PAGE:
Why Won't Europe Eat U.S. Meat?
By Martha Rosenberg
Food consumers seldom hear about the chemicals oestradiol-17, zeranol, trenbolone acetate and melengestrol acetate and the names are certainly not on meat labels. But those growth hormones, central to U.S. beef production, are the reason a lot of U.S. meat has been banned in Europe since 1989.
Melengestrol acetate, a synthetic progestin put in feed, is thirty times as active as natural progesterone, says the European Commission (EC). Trenbolone acetate, a synthetic androgen used as an ear implant, is several times more active than testosterone. (The ears and implants are discarded before entering the food supply say beef growers.)
Why does the European Commission ban U.S. meat? “There is an association between steroid hormones and certain cancers and an indication that meat consumption is possibly associated with increased risks of breast cancer and prostate cancer,” says the Commission's Scientific Committee on Veterinary Measures. “The highest rates of breast cancer are observed in North America, where hormone-treated meat consumption is highest in the world,” it says, adding that the same statistics apply to prostate cancer.
In fact, Kwang Hwa, Korea, has only seven new cases of breast cancer per 100,000 people, says the EC report, whereas non-Hispanic Caucasians in Los Angeles have 103 new cases per 100,000 people. The breast cancer rate also increases among immigrant groups when they move to the U.S., says the report, suggesting causes are not genetic but environmental.
Another growth drug used in U.S. beef, pork and turkey--yes turkey--is ractopamine an asthma-like drug called a beta agonist. Like growth hormones, ractopamine lets livestock operators produce more weight more quickly from their animals. Ractopamine was integrated into the food supply under reporters' and consumers' radar more than ten years ago. It became a favorite on U.S. farms when its ability to increase muscle by “repartitioning” nutrients and slowing protein degradation was discovered in a laboratory.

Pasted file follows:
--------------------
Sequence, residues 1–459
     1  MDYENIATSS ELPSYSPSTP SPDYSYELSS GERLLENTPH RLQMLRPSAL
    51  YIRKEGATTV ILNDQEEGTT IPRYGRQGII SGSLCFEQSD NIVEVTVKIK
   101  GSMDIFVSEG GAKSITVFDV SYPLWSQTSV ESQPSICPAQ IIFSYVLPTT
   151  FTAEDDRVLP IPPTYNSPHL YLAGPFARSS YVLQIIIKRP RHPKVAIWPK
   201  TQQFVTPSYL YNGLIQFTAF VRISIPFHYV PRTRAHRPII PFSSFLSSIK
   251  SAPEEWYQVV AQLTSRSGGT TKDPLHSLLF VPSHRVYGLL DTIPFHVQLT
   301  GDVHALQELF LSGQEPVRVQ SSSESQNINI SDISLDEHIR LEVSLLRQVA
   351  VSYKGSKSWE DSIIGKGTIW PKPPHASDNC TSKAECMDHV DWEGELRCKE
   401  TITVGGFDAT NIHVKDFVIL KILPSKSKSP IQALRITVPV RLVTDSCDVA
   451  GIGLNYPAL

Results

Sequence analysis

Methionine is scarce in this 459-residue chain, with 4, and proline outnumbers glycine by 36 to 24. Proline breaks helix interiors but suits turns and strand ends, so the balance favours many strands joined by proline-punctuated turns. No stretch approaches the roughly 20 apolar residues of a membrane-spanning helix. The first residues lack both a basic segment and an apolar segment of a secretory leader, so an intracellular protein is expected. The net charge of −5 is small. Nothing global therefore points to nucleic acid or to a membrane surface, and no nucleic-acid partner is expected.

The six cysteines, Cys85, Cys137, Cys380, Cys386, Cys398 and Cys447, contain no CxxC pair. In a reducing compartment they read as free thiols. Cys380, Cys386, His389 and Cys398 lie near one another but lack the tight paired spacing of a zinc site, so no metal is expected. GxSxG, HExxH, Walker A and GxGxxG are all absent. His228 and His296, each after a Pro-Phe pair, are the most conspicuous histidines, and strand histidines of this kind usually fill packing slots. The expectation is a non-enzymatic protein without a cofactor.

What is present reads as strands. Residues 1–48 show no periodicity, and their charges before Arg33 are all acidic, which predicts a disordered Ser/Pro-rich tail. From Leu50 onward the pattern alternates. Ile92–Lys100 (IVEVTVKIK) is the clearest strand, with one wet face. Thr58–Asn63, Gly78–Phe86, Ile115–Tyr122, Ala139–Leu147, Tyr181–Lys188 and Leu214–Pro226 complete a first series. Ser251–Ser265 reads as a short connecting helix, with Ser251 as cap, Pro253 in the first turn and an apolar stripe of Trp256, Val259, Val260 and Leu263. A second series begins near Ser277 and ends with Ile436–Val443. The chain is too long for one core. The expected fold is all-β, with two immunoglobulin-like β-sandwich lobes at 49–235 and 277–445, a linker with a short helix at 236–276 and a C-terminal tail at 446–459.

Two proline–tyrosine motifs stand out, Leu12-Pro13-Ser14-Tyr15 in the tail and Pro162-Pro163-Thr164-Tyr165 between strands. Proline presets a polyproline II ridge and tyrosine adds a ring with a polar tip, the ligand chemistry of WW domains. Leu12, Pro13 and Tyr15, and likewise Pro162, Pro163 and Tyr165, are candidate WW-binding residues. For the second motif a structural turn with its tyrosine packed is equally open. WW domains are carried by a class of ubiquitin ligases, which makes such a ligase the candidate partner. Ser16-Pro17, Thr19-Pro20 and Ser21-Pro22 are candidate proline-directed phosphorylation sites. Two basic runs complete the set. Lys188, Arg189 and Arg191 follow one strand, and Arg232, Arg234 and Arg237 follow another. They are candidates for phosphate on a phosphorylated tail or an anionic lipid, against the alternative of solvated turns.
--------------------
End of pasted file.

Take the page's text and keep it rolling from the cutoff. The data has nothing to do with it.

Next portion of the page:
Unlike other veterinary drugs used in U.S. meat that are withdrawn before slaughter (or thrown away as ears) ractopamine isbegun in the days before slaughter and never withdrawn. It is given to cattle for their last 28 to 42 days, to pigs for their last 28 days, and to turkeys for their last seven to 14 days. Marketed as Paylean for pigs, as Optaflexx for cattle, and as Topmax for turkeys, ractopamine is not just banned in Europe, it is banned in 160 countries.
Public health officials and livestock specialists are increasingly questioning the drug's wide and often clandestine use. “Ractopamine usage benefits producers, but not consumers. It is bad for animal welfare and has some bad effects on humans,” said Donald Broom, a professor at the University of Cambridge’s department of veterinary medicine, at a forum on the topic in Taipei earlier this year.
In China, the Sichuan Pork Trade Chamber of Commerce reported that more than 1,700 people have been “poisoned” from eating Paylean-fed pigs since 1998 in 2007, it seized U.S. pork for its ractopamine residues.
Thanks to the effect of Big Meat's black hand on USDA and FDA policies, Americans have an almost unlimited supply of cheap meat for breakfast, lunch and dinner. Unfortunately it does a lot more for the meat industry's "health" than for food consumers'. END
Martha Rosenberg's acclaimed expose of Big Food, Born with a Junk Food Deficiency, is now available in bookstores, libraries, online and as an ebook in time for the holidays.
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